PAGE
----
I was one of the last in line to have my copy of Edible Landscaping by Rosalind Creasy signed by none other than Rosalind Creasy a few weeks ago on a gorgeous Sunday afternoon. She had just given a talk at the Indianapolis Museum of Art about edible landscaping. Images of overflowing, abundant, colorful, taste tempting fruit and vegetable gardens ran through my mind, along with her encouraging, insightful words.
The previous day, I had attended an all day conference sponsored by the Indiana Native Plant and Wildflower Society (INPAWS). Images of native plantings, striking in their natural beauty, attracting a variety of wildlife ranging from colorful insects to songful birds filled my mind.
The dichotomy! A native, edible landscape in Indiana would consist of… and I began to make a list of what I knew was native to Indiana and edible, too. Walnuts, pawpaws, tiny serviceberry berries and, oh yes, morel mushrooms if you can find those nearly mythical fungi in the springtime, and I’m sure lots of other plants that I don’t even realize are edible.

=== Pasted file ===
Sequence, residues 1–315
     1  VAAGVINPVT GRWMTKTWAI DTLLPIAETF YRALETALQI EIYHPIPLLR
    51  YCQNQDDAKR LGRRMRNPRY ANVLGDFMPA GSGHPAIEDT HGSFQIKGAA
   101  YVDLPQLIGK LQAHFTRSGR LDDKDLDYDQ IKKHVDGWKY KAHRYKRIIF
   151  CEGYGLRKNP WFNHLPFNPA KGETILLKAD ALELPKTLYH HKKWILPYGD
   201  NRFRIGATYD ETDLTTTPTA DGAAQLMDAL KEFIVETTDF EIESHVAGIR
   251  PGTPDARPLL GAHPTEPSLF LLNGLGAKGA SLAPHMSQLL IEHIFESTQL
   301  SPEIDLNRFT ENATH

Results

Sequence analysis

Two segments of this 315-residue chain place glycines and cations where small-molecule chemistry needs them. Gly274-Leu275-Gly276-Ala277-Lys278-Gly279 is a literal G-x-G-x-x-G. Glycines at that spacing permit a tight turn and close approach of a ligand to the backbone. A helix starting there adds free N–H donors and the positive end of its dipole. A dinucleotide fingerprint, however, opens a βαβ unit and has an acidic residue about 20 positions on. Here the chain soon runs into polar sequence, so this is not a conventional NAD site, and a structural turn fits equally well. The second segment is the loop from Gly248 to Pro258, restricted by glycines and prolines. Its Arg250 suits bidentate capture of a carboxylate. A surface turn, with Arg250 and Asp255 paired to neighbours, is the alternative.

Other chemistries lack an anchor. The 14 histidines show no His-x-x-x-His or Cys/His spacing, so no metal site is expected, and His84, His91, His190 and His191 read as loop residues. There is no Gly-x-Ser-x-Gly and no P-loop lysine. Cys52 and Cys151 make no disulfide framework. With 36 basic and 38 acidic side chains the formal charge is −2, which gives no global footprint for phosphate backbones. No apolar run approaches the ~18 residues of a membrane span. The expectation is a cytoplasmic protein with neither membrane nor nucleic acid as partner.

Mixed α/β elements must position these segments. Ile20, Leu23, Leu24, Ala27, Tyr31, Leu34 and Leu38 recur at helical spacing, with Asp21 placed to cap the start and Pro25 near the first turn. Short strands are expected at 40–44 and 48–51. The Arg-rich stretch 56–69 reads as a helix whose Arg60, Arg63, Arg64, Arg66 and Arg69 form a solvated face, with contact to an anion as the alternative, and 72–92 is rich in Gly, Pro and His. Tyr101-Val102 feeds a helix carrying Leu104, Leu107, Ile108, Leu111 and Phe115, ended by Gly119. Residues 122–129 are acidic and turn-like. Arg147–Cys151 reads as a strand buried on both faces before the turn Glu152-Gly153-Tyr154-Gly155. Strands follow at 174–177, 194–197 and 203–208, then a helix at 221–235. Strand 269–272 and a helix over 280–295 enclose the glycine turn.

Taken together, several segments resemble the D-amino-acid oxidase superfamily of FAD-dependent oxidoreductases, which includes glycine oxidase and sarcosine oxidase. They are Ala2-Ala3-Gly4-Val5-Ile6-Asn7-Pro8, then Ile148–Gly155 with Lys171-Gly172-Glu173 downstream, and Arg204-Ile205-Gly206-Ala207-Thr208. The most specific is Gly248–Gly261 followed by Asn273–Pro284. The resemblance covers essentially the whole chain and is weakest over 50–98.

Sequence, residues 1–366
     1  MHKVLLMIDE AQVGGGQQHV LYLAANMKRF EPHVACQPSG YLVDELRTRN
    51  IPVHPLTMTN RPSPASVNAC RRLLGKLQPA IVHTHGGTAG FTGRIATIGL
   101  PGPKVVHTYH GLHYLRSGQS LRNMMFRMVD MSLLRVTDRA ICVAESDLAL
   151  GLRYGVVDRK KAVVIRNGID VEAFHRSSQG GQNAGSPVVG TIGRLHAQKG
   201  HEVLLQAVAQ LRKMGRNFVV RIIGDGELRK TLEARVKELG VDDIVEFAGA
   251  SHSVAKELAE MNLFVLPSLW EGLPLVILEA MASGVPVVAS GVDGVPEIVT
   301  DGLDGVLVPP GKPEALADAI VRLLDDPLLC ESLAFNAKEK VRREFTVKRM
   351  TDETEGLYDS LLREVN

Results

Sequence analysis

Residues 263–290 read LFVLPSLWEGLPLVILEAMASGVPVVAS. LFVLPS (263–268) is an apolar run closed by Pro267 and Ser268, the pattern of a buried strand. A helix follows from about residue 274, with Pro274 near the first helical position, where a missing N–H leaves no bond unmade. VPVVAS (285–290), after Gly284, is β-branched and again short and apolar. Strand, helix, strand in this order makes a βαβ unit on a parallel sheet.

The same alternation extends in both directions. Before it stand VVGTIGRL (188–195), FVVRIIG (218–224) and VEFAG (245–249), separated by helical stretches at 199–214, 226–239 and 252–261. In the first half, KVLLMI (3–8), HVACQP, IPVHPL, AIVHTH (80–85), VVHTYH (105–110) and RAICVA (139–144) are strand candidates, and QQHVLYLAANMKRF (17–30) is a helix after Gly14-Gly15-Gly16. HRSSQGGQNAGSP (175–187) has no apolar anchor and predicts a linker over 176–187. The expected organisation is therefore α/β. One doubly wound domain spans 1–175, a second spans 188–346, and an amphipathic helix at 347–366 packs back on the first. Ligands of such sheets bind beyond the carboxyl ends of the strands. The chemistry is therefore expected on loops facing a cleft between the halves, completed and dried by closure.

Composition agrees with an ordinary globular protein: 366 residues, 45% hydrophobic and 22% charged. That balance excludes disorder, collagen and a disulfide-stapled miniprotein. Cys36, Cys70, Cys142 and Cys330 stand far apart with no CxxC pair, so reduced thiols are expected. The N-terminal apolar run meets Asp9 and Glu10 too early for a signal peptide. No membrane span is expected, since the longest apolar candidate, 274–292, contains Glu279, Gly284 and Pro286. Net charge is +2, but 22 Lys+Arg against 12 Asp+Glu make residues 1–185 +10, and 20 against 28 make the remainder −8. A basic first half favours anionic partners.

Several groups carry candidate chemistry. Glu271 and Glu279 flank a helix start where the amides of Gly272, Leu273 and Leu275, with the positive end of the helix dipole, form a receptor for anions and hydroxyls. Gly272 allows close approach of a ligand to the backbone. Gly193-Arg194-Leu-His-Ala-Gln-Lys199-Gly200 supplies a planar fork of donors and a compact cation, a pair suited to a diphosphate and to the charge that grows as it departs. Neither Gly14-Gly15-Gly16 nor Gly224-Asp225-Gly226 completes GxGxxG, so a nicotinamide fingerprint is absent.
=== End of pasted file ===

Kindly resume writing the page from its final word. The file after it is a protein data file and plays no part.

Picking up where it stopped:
When it was finally my turn to have my book signed, I asked a question or rather said something along the lines of “I have a lot to think about this weekend, having attended a seminar all day yesterday about planting native plants in my garden, and now today being inspired by your talk about edible landscapes.”
Creasy had the perfect response. I paraphrase… Think of the benefit we are having on the environment when we grow and eat food that is as local as our own front or backyard. That means less food had to be shipped, railed, trucked, flown or carted from distant states and countries to our kitchens. And that, too, benefits our environment.
Native plants or edible landscapes? There is room for both in my garden.
No, you can’t have my book, but I encourage you to buy your own copy!